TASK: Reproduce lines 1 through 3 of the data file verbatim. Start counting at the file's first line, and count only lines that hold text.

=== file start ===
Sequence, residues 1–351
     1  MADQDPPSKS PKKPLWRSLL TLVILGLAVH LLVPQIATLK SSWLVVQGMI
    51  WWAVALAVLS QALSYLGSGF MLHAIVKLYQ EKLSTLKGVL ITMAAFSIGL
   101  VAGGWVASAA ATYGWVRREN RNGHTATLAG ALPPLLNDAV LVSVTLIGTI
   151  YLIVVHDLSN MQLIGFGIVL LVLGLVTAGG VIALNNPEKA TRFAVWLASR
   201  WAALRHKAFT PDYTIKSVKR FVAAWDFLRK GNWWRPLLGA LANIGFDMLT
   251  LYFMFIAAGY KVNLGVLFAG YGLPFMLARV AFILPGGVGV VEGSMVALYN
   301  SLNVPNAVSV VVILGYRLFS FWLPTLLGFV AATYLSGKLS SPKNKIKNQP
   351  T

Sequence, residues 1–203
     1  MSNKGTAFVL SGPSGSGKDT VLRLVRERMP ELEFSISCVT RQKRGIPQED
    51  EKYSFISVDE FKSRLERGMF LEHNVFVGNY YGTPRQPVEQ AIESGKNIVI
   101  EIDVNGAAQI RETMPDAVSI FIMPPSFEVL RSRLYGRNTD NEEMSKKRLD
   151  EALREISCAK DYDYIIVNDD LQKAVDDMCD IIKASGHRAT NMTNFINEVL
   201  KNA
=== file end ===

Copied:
Sequence, residues 1–351
     1  MADQDPPSKS PKKPLWRSLL TLVILGLAVH LLVPQIATLK SSWLVVQGMI
    51  WWAVALAVLS QALSYLGSGF MLHAIVKLYQ EKLSTLKGVL ITMAAFSIGL